FTC: 'Roca Labs Has An Adversarial Relationship With The Truth'; Suggests Plans To Crack Down On More Gag Clauses
from the good-news dept
Roca Labs threatened to sue us here at Techdirt twice for publishing accurate articles about the company, its sketchy practices and legal threats — and especially for its ridiculous “gag clause” that told customers they could never say disparaging things about the product online. Among other things, Roca Labs threatened others for claiming its products were “snake oil” and us for merely repeating statements that were in court filings. So we were certainly pleased last week when the FTC finally took Roca Labs to court, for both deceptive and misleading advertising and over the gag clause itself.
On Monday, the FTC put out a blog post about this where it went into more detail about why it was targeting Roca Labs:
?Roca Labs had an adversarial relationship with the truth,? said Jessica Rich, Director of the FTC?s Bureau of Consumer Protection. ?Not only did they make false or unsubstantiated weight-loss claims, they also attempted to intimidate their own customers from sharing truthful ? and truly negative ? reviews of their products.?
I can’t wait to see Roca Labs’ “Independent General Counsel” Paul Berger now try to threaten the FTC with one of his standard “You’re defaming us!” letters.
In the meantime, though, there is a more important element in all of this, which is that this is the first time we’ve seen the FTC go after these gag clauses. We’ve been writing about such gag clauses for many years, going back to a dentist who billed someone $100 per day for a negative review. Then there was the infamous KlearGear case, where the online retailer demanded $3,500 for a negative review (from a non-customer!).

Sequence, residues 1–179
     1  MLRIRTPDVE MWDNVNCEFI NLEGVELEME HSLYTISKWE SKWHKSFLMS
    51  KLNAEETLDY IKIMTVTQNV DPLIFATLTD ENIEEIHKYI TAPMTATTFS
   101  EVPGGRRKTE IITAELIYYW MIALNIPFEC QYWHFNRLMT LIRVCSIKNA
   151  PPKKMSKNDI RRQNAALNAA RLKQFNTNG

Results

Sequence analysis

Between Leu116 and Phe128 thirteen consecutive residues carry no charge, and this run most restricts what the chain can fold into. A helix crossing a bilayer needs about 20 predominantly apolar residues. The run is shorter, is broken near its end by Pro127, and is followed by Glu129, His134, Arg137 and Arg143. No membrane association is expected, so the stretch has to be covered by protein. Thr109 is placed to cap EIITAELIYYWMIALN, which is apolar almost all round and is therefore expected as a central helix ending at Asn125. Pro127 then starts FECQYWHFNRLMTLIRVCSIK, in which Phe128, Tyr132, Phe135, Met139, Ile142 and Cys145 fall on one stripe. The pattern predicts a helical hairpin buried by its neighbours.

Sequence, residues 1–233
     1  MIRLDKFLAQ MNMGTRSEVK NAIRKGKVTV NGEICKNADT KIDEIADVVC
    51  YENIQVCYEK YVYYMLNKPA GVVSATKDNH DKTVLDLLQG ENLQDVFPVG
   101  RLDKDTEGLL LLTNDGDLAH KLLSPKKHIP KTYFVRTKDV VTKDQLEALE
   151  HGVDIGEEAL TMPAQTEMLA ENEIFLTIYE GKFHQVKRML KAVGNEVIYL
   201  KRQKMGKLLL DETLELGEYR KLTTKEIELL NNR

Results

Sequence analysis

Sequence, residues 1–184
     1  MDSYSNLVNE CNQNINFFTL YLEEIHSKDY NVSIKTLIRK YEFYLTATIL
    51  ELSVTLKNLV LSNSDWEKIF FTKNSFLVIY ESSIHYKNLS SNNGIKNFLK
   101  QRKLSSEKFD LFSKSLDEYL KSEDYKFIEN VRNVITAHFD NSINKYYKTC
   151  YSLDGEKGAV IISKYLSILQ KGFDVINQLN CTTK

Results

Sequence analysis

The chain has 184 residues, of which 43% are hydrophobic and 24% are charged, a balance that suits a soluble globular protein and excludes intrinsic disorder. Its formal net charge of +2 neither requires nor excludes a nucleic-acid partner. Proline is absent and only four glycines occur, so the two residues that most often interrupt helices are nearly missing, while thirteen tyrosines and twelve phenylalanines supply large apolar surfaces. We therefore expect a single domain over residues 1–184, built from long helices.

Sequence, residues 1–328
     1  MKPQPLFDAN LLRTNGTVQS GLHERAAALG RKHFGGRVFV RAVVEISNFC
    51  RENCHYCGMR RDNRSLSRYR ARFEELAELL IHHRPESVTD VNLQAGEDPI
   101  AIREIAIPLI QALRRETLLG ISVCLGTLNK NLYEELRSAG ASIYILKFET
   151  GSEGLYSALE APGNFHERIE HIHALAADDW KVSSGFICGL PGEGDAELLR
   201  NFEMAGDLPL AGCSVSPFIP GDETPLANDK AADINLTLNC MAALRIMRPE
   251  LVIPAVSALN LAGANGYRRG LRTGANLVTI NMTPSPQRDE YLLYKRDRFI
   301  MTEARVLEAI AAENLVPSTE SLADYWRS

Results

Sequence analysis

A year ago, we had a post highlighting a bunch of these kinds of gag clauses from a variety of different companies. California passed a state law outlawing such non-disparagement clauses, and a federal bill was introduced earlier this year — though it has gone nowhere.
But the fact that the FTC directly called out the practice suggests that, while we wait for Congress to get its act together, the FTC may be willing to go after the more egregious providers of such clauses.
In a complaint filed in federal court, the FTC alleges that Roca Labs, Inc.; Roca Labs Nutraceutical USA, Inc.; and their principals have sued and threatened to sue consumers who shared their negative experiences online or complained to the Better Business Bureau, stating that the consumers violated the non-disparagement provisions of the ?Terms and Conditions? they supposedly agreed to when they bought the products. The FTC alleges that these gag clause provisions, and the defendants? related warnings, threats, and lawsuits, harm consumers by unfairly barring purchasers from sharing truthful, negative comments about the defendants and their products.
A full law would be nice to have, but in the meantime, having the FTC step in seems like a useful tool to stop these gag clauses from silencing consumers.